November 9 – December 16, 2001
Based upon writings of Gertrude Stein
Directed by Frédérique Michel
Production Design by Charles A. Duncombe, Jr.
Cast: Ford Austin, Maureen Byrnes, David E. Frank, Katarina Lejona, Jed Low, Irene Casarez, Kathryn Sheer
Los Angeles Times
November 16, 2001Review by Philip Brandes
Flamboyant though she may have been in life, 20th century arts icon Gertrude Stein is not the first author to whose writings one would typically turn for theatrical inspiration. Famous for her flowery tautology (“Rose is a rose is a rose is a rose”) and other circular, often ponderous conundrums, the fiercely anarchic Stein trod a different path even in her plays, relying on cerebral deconstructions of language rather than the traditional dramatists’ toolkit to render human experience on the stage.
The challenge of impenetrability hasn’t intimidated Aresis Ensemble’s Frederique Michel from tackling “The Gertrude Stein Project” at Santa Monica’s City Garage. Honoring what she calls Stein’s “Cubist” approach to theater, Michel has assembled passages from Stein’s writings into a fragmented, kaleidoscopic presentation.
The concept could easily succumb to heavy-handed treatment, but Michel opts for a light, whimsical approach to her staging that makes the piece more fun and lively than it sounds on paper. Deep philosophical musings alternate with puns and even recipes from the cookbook of Stein’s lifelong companion, Alice B. Toklas. Part recitation, part performance, this esoteric pastiche is framed with the company’s usual stylistic flair, juxtaposing heady conceptual dialogue with erotic imagery.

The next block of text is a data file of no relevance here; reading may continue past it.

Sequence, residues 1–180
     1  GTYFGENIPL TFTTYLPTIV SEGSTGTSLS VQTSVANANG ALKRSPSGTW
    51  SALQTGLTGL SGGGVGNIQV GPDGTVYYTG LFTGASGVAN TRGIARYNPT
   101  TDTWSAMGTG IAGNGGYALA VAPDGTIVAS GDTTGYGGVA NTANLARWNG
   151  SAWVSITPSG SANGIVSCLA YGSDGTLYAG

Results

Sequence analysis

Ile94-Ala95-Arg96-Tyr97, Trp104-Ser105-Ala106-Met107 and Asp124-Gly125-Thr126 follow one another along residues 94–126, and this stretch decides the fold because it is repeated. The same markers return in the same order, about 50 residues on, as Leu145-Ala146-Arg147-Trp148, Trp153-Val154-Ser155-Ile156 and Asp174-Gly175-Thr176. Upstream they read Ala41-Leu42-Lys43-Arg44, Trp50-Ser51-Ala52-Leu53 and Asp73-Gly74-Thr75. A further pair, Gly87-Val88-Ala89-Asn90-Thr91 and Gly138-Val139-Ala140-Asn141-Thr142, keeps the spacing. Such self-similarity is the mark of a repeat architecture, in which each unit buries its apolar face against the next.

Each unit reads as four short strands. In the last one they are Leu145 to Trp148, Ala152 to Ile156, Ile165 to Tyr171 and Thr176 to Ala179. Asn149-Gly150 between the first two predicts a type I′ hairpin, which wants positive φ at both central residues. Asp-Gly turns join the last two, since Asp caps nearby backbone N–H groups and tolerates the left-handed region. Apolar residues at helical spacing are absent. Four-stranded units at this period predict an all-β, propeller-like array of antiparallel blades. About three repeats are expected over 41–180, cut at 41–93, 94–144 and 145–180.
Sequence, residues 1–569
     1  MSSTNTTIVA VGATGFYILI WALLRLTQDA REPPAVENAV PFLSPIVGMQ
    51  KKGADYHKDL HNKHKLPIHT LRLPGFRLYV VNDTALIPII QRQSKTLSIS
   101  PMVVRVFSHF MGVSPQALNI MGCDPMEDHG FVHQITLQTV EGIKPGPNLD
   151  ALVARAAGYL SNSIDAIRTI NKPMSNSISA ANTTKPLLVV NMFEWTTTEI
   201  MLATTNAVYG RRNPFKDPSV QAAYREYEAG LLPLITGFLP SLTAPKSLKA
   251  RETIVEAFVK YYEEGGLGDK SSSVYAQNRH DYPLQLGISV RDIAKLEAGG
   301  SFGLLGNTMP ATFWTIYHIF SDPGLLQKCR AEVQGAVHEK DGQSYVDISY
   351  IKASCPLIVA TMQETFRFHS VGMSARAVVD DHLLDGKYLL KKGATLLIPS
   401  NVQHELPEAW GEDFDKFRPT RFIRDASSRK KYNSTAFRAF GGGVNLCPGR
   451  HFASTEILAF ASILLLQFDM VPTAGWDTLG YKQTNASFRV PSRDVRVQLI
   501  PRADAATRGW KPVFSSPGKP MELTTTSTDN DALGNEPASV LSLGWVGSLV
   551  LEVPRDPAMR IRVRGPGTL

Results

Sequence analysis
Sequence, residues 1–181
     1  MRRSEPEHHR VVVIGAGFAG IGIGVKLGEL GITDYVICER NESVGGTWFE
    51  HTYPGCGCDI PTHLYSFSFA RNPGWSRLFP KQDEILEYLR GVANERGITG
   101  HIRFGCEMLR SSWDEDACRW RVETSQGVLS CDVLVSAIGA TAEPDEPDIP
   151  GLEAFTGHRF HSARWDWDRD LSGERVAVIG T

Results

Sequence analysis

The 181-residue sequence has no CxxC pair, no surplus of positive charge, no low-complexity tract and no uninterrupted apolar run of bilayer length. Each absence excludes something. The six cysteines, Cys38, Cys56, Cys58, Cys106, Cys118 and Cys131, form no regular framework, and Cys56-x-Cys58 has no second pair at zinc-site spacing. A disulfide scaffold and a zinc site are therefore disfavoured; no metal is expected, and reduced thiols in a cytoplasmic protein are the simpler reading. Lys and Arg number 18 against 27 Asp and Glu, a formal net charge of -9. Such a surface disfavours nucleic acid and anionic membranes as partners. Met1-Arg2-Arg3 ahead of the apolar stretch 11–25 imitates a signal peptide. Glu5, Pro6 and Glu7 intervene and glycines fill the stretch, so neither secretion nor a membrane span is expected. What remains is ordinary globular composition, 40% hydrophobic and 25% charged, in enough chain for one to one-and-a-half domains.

“Plays are either read or seen or heard” goes one of the self-evident truths invoked for more detailed contemplation as a defiantly nude woman (Katharina Lejona) strolls across the stage. Later, she dons a mink coat as she and the other characters (who are really little more than presences) explore the psychosexual associations with the word “fur.” Think Helmut Newton meets Webster.
Lejona’s onstage companions include Kathryn Sheer as a comely ballerina with whom she suggestively mirrors Stein’s lesbian relationship with Toklas, Jed Low as a bald aristocrat, Maureen Byrnes as a chic cafe diner, and Ford Austin and David E. Frank as a pair of bowler-hatted gentlemen. Together, they grapple with the paradoxes inherent in statements such as “Sentences are not emotional but paragraphs are. The emotional paragraphs are made up of unemotional sentences.” (This and other puzzlements are repeated several times, so you’ll have ample opportunity to consider them.)
Augmented with Charles A. Duncombe Jr.’s customary evocative production design, this “Project” represents solid work from the company applied to material that doesn’t easily lend itself to the stage. Trying to follow anything like a linear narrative or character continuity is a recipe for frustration–you’ll have better luck following Toklas’ brownie recipe instead.